Misty Hills
When the alarm went off at 5:00 AM, I peeked through the curtains and discovered it was raining heavily.

“Bike or bed?” I sleepily asked myself.

Surprisingly quickly, I decided to “just show up” and see what happened.

Mount Samson Road
Greensill LaneSuzanne

While I drove out to Kobble Creek, the rain eased to a light drizzle, then stopped.

My riding buddies had decided to “show up” too, so we headed off together into the hills under grey skies.

Our plan was to check out some un-explored trails in the hills around Kobble Creek, then follow a loop along the western shoreline of Lake Samsonvale.

Dirt Track

We left the paved road after about a kilometre and followed some fire breaks through bushland on the slopes of one of the hills.

Steep Climb

There were few flat sections. Steep hike-a-bike climbs usually followed slippery descents.

Eric and Darb

Eric and Darb waited at the top for us to catch up, then we repeated the process several times.

Slippery Downhill

Rear tyres fish-tailed behind us as we tried to control the precarious ride down.

Steep Hill

This was followed by impossibly steep uphill trudges. Although Eric impressively nailed a lot of them.


Suzanne hasn’t been on the bike for over a year and handled this tough section remarkably well.

Taking a Break

Once we emerged from the bushland, we took a quick break.

Samsonvale Cemetery

From there we rolled down Golds Scrub Lane to the lake side to have a look at the cemetery.

The village of Samsonvale used to be located here. It was inundated when the North Pine Dam was built in the 1970’s. All that now remains of the old town is Samsonvale Cemetery overlooking the water that covers memories of farm houses, shops, schools and post offices.

Golds Scrub

We skirted around “Golds Scrub” – a small patch of remnant hoop pine forest near the cemetery. The North and South Pine Rivers are named after vast hoop pine forests that thickly covered the land between those rivers prior to European settlement. This small patch of forest is a memory of how those majestic forests would have apeared.

Samsonvale Rail Trail

One of the other remnants around here is a disused railway line. We followed a short section of the old “Ferny Grove – Dayboro” line back towards Kobble Creek.

Handing Down the Bikes

Many creeks have run dry during recent months with little or no rain. We decided to take advantage of this and scramble across Kobble Creek. Although there wasn’t much water, we still had to clamber down steep banks to get to the creek bed.

Climbing Down

After passing all the bikes down we slid down the muddy banks…

Crossing Kobble Creek
Crossing Kobble Creek

…then rock-hopped over a narrow section of the creek.

Riding a Dry Creek Bed

It became obvious how “Kobble Creek” got its name as we bumped over the dry rocky creek bed for a couple of hundred metres. Like a rough medieval kobbled street the rocks jarred our bones, making it difficult to ride.

Becca by the Lake

When we reached the other side, we followed a familiar trail down to the shore line. We’ve swum here in previous years, and collected mangoes from a nearby tree. Today the mangoes weren’t yet ripe, and it was too cool and muddy to swim comfortably. But the view was still enjoyable.

From there we followed the shoreline for several kilometres.

Suzanne by the Pond
This old irrigation dam is probably left-over from the days before the dam was built.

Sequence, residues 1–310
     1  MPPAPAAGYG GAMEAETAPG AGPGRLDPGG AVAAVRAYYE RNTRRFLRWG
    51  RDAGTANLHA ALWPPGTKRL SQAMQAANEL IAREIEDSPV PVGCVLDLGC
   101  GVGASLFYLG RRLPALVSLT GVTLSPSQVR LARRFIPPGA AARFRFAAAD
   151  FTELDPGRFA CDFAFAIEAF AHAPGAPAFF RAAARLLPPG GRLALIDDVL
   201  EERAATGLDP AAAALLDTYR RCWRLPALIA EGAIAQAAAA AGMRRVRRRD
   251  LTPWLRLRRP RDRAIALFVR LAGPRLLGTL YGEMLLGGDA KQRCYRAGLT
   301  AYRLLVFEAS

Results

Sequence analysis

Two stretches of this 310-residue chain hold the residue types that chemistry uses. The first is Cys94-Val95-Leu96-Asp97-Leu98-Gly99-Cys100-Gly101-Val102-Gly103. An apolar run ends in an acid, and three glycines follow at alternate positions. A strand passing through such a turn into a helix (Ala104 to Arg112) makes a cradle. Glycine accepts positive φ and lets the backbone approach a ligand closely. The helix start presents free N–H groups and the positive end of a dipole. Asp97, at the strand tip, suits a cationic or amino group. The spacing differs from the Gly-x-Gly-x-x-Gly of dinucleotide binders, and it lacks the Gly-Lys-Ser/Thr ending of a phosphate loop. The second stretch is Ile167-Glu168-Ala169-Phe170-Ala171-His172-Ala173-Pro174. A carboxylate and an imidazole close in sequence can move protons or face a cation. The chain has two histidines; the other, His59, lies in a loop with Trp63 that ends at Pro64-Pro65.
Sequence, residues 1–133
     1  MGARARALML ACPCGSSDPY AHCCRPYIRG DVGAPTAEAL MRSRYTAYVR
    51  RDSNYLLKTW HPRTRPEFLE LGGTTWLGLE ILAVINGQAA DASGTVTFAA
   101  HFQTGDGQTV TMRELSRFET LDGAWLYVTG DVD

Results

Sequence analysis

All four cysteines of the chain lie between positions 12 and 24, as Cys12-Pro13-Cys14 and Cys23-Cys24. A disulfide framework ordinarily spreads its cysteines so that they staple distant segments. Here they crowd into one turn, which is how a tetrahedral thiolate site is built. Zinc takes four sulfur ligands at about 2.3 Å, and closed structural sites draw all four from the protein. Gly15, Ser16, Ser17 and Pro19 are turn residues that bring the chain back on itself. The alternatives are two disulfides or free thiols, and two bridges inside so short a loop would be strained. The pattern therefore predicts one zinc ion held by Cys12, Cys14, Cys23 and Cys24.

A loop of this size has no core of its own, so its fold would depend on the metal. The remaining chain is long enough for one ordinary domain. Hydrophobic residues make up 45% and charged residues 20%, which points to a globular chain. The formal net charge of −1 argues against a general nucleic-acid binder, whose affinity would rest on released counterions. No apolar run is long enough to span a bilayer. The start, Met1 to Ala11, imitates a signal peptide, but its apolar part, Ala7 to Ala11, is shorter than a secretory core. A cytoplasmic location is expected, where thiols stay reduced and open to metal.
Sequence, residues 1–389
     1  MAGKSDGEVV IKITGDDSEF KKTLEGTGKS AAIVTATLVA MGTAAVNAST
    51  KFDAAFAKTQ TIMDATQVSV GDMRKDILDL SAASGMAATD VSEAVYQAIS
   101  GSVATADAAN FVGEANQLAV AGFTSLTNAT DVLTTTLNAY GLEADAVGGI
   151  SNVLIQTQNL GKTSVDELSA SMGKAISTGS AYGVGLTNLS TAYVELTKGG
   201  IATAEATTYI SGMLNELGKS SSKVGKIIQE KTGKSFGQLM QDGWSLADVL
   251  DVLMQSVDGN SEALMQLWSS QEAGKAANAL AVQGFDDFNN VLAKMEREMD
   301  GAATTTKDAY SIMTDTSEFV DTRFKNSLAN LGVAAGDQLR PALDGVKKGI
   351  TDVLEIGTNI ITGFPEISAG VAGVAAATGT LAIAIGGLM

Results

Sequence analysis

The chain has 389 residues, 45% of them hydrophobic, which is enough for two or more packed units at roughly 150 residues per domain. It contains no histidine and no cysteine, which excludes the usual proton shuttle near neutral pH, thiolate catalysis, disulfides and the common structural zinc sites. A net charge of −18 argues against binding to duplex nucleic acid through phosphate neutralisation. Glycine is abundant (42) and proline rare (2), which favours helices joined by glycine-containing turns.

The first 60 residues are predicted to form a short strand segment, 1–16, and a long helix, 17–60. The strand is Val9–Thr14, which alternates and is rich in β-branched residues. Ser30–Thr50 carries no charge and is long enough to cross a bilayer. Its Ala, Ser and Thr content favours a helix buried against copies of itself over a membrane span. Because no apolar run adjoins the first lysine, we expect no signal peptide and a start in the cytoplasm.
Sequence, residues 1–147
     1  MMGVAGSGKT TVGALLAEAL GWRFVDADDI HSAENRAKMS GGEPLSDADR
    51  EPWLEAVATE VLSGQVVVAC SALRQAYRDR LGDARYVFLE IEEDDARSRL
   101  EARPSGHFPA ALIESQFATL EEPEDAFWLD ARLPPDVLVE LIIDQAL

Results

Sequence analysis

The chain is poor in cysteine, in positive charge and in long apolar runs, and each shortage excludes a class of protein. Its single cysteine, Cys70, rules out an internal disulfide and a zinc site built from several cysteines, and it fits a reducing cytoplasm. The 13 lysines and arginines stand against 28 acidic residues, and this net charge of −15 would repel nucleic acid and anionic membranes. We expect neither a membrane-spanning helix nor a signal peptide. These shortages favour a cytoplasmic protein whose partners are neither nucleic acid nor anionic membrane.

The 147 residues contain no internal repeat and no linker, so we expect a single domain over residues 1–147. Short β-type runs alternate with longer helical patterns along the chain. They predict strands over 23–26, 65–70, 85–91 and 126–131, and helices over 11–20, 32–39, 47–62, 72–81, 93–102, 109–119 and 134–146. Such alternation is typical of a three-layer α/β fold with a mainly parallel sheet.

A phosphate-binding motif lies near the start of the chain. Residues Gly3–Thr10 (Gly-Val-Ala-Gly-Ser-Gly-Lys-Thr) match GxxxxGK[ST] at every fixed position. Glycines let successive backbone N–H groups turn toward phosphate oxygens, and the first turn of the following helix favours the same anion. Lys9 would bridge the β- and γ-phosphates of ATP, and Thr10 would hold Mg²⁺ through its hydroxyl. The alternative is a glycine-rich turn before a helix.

Eric by the Lake

The rain started falling gently as we followed numerous inlets beside the water. Although the ground was damp, it was mostly covered with grass which helpd us avoid much of the mud.

Cleaning off Mud

The final climb up to Whiteside Road was very boggy. Mud can add a couple of kilograms to the weight of a bike and make it difficult to control, so we took time out to scrape it from the tyres…

Taking a Break

… and to have another quick rest.


The final section of our adventure was through bushland north of Whiteside Road towards the North Pine River.

Muddy Track

Rain was starting to fall heavily now, but we were warm from the exertion, and didn’t feel any need to cover up.

Riders in the Rain

We rode over undulating fields following faint tyre tracks…

Cow Track
… and cattle tracks.

Dry River
Dry River

When we eventually reached the North Pine River I was surprised to discover that it too had run dry.

Fence Line

The track adjacent to the farm fences was in perfect condition.

Resting on a Pipe

We stopped on the hilltops to allow everyone to catch up.

Misty Hills

We eventually reached Mount Samson Road near its bridge over the North Pine River. From there we had an easy 3km roll along the bitumen back to our starting point at Kobble Creek.


We rode a total of about 30km in about 4 hours including stops. I burned 1,800 kcal, and we climbed almost 500 metres in vertical ascent.

I’ll rate this ride 6.5 out of 10 on the tough-o-meter. In dry weather it would be easier – maybe 6 out of 10.

Thanks to my waterproof friends: Becca, Tom, Suzanne, Eric and Darb for a fun ride. Well done for “showing up” despite the wet weather.

Total distance: 28.48 km
Total climbing: 707 m
Average temperature: 18.8
Total time: 03:53:12
Download file: activity_657480724.gpx
More data

2 Replies to “Waterproof”

  1. Looks really good Neil low cloud, damp, and all. I really like you mantra – ““just show up” and see what happens.”

    1. Ian, it’s a powerful mantra, but… once you say it publicly it’s very difficult to ever use the weather as an excuse to bail out of a ride with friends 🙂

      Apart from foggy glasses, it was very comfortable weather. We hardly used any water, and the temperature was nice and cool.

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